“Mark, you wanted evidence from me. Here goes:
You posted this list below of replaced people.
You preface this list below of replaced people with this sentence:
“So far we have given you, sometimes with help from outsiders, and always with whiners and bitchers crying it just ain’t so,…”
A grown man talking about bitchers and whiners. This sentence is written by a man involved in an intellectual pursuit?
Here is your list:
- ‘Bill Hicks became Alex Jones. He’s a conspiracy guy. Controversy swilled about us, but Straight nailed it with a dental analysis.
- Jimi Hendrix became Cornell West. He undermines philosophy. It is his job now.
- Rocker Duane Allman became heavy metal artist Lemmy Kilmister.
- Phil Hartman became Glenn Beck. Acting training taught him to cry on screen.
- Gary Hinman, whose talents were uncertain anyway, became Maury Povich, but I repeat myself.
- Pamela Courson became Barbara Walters, a later-life body switch.
- Brandon DeWilde became Thom Hartmann, who in reality loathes liberals and progressives.
- Dylan Klebold and Eric Harris, the fake Columbine shooters, using fake names (as fake people do), became Matt Stone and Trey Parker, also fake names for the fake creators of South Park. Fake fake fake fake fake!
- Bobby Fuller became Bill O’Reilly, a fake singer turned fake pundit.
- David Box became Charlie Rose, so that the ‘thoughtful’ PBS set is kept in the dark too.
- Bruce Lee became Judge Lance Ito, totaling nailing the part.
- The Janis Joplin twins became the Amy Goodman twins.
Mark, you even have the temerity to bring the Paul McCartney/ Mike McCartney! twin noise!”
Here the link … Etc.
You provide photo comparisons elsewhere on your blog as evidence.”
If you read closely, you’ll see that all Willard did was quote Mark, and provide a few links to where he found the quotes. 90% of what he wrote was “you said this…” The other two points were ad hominems (“a grown man….”) (“you have the temerity…”).
So why did Willard bother to do that?
Well I suspect Willard is taught to use the principles of “Trigger Mechanisms” as explained by Cialdini above. Most lurkers don’t read closely, they just skim, and when they do read closely they are not thinking too deeply.
Similar to the subjects who did people a favor for the sole reason of hearing the word “because”, third-party readers may accept Willard’s answer and expertise for the sole reason of seeing him quote Mark and providing a rebuttal, regardless of how empty it was. By quoting Mark and providing links, it taps a trigger mechanism in a reader’s brain that says “this person did his research, thus I should respect his opinion”.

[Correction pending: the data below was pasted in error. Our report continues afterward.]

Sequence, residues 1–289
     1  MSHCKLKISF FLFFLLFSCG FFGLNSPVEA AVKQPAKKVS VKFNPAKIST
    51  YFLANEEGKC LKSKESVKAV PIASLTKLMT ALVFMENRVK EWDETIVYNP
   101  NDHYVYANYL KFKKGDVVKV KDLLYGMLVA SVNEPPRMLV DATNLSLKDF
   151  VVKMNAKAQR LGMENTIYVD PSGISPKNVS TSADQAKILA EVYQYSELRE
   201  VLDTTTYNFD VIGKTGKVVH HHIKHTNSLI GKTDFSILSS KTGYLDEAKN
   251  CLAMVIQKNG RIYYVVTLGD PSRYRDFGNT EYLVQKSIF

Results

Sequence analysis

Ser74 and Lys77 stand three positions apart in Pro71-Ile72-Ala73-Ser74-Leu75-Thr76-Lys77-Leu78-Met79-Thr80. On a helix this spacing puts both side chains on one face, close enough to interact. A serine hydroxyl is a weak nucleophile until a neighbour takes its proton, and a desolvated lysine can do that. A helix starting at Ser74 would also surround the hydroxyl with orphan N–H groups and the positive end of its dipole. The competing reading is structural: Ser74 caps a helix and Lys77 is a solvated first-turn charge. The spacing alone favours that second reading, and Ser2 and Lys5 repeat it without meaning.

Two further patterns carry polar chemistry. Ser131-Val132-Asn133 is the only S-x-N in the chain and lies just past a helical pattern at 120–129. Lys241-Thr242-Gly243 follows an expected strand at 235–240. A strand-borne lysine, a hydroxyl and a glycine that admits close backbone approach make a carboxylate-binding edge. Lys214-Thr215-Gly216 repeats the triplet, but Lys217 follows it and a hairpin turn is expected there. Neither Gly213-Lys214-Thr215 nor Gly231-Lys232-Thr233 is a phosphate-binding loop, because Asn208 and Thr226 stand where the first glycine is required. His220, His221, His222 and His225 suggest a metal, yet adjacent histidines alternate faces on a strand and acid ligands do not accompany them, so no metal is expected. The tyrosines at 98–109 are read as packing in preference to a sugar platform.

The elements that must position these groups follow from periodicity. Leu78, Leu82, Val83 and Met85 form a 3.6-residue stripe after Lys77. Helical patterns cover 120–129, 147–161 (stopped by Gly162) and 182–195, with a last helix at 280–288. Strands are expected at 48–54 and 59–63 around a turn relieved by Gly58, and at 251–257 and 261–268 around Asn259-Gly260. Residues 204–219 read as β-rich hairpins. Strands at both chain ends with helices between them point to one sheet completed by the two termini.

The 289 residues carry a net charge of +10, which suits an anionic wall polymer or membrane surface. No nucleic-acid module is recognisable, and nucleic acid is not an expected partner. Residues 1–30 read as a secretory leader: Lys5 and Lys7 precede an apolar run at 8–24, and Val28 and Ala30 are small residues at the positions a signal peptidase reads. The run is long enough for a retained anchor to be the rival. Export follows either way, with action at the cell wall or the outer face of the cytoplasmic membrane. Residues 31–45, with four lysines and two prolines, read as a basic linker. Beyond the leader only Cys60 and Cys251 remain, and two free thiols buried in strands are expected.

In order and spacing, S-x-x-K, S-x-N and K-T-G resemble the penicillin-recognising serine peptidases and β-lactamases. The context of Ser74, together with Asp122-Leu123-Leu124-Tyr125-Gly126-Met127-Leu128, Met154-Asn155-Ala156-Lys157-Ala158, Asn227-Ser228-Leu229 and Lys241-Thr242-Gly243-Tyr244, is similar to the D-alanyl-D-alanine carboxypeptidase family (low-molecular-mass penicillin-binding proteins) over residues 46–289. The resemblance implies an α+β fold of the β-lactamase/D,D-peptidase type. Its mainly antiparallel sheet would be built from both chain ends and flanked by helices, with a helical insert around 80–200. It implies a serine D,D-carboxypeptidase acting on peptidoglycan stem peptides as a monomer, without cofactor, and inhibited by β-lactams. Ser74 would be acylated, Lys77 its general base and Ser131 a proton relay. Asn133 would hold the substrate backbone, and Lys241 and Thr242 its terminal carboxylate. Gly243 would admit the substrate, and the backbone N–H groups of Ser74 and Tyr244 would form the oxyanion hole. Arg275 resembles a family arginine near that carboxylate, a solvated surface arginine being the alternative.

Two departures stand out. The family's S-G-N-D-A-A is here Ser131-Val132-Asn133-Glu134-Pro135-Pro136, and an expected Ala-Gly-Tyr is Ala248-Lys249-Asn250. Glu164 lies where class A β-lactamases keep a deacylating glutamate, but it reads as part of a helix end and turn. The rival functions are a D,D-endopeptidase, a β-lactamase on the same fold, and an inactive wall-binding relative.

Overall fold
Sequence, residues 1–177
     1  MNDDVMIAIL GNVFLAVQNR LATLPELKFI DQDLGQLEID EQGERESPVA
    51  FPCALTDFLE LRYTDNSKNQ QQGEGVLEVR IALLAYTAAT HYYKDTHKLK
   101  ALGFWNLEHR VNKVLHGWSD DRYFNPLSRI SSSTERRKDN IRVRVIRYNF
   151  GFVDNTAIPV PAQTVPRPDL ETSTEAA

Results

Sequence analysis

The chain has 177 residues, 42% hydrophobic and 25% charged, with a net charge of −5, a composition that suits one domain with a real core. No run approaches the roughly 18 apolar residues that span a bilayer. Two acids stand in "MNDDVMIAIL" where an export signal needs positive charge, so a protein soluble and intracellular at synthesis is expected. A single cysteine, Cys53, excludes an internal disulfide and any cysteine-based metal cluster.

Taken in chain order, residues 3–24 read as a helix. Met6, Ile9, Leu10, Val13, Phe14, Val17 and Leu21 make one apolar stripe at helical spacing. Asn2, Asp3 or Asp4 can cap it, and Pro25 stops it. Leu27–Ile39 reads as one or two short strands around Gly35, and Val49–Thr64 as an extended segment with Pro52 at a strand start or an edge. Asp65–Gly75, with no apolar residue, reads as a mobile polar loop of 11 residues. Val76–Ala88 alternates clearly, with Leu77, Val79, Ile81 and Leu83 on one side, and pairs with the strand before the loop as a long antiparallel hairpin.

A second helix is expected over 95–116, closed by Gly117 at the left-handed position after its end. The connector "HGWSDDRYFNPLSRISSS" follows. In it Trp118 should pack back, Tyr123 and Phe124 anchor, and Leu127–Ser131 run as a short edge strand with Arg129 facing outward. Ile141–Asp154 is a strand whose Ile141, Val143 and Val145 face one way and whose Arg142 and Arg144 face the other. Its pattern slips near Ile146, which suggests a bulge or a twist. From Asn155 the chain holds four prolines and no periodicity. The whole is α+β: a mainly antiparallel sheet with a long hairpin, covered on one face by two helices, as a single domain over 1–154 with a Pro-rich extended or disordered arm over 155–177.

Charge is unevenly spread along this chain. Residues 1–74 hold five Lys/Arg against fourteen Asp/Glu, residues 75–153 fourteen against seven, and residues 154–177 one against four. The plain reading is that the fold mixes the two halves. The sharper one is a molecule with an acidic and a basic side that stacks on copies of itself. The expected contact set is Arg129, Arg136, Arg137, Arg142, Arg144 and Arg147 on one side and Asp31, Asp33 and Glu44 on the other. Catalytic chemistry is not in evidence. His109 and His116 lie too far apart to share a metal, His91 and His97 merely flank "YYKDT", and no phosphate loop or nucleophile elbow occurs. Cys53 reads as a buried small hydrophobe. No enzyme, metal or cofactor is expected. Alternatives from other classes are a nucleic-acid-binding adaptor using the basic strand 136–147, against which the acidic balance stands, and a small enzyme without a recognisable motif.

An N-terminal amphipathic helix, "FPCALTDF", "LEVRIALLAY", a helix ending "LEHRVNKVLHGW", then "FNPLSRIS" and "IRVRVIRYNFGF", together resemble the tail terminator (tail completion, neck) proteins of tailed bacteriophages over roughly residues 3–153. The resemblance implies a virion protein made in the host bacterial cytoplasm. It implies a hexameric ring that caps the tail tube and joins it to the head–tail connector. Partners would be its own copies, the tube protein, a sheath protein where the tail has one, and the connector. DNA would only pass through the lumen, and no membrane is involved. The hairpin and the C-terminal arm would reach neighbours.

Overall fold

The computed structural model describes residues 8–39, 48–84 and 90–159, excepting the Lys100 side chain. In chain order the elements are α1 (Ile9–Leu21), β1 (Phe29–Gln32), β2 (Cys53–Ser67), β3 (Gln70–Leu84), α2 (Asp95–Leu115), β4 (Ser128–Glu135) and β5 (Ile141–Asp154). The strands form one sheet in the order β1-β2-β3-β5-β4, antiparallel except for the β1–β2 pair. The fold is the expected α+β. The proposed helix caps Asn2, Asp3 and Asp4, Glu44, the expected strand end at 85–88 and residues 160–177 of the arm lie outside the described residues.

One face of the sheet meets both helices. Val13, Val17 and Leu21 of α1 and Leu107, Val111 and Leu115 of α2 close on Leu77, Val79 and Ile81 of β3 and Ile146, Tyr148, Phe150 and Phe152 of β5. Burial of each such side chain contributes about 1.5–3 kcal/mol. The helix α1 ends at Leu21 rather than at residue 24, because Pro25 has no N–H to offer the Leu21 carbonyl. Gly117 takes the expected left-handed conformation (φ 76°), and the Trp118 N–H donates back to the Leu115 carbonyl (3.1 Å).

Here’s some more from Willard:
“Here is one you gave. You assert Pete Ham became Bill Maher. IMHO, the two images do not match. Neither does Bruce Li and Jusge Ito or Jimi Hendrix and Cornel West, etc. ad nauseum. How do I know they do not match because I can see they do not match.”
“They do not match because I can see they do not match”. Appeal to self-authority with no evidence cited. Why would a 3rd party reader react to Willard’s self-authority? In reaction to the trigger mechanism he flipped earlier in the post, which gives the impression he is a man who does his research.
Here is how Willard ends the post and I am including the image because I think it is very important to recognize what I’m about to tell you as a common disinfo trigger mechanism:
“What does match is how your provocative assertions about people being replaced, supported with dubious photo evidence is similar to Dallas Goldbug. You are a poor man’s Dallas Goldbug because, like McGowan, and Tom dalpra and Blue Moon, you have no class. You can not disagree without being disagreeable. You can not answer a critic without resorting to profanity and name calling.
I do not think Dallas Goldbug stoops that low.
Mark, go back and look at the question I asked Brandon about the woman from the Apple Records/ Paul McCartney camp. McGowan was in contact with the McCartney Machine before Weird Scenes Facebook went online. Either wittingly or unwittingly, McGowan ran interference for Apple, huge cash cow, with the Paul Is Dead/Paul is Alive disinfo.
And I have already mentioned that MM’s Paul McCarthey/Mike McGear material was filched from a private forum.
That is how I troll, homes.”
Willard continues his attack by moving away from providing any form of evidence, and instead attacks Mark by comparing him to DallasGoldBug (an agent whose sole purpose was to discredit the idea of replacements), and then changing the topic to Dave McGowan. Again, avoiding providing evidence.
He finishes it off with a “perceived victory” quote “This is how I troll, homes” to tap another trigger mechanism stating that “I am the victor in this argument”. He adds another link for extra measure that is meant to “teach us” something he assumes we do not know, pushing the “I am more knowledgeable” trigger.
And finally, and this is very important, he adds an image from Mark’s site. Why does he do this? It is the final trigger mechanism that you are seeing all over the comments section of Fakeologist, Quora, or any comments section where disinfo gathers. The purpose is simple, the appearance of some form of media whether it is a Youtube video, image, or sound clip, has the appearance of being a “higher” form of evidence. By pasting a photo from POM, Willard gives the impression he did his research, is familiar with the site, and has debunked it to the point that he can ridicule it. However, when you read his post closely you’ll see that he has purposely avoided using any sort of actual evidence to counter Mark’s post.
You can see some more examples of disinfo agents Tom Dalpra and Stephen using the same tactic here. You’ll notice that nearly every post of theirs has some form of media or quotes with links: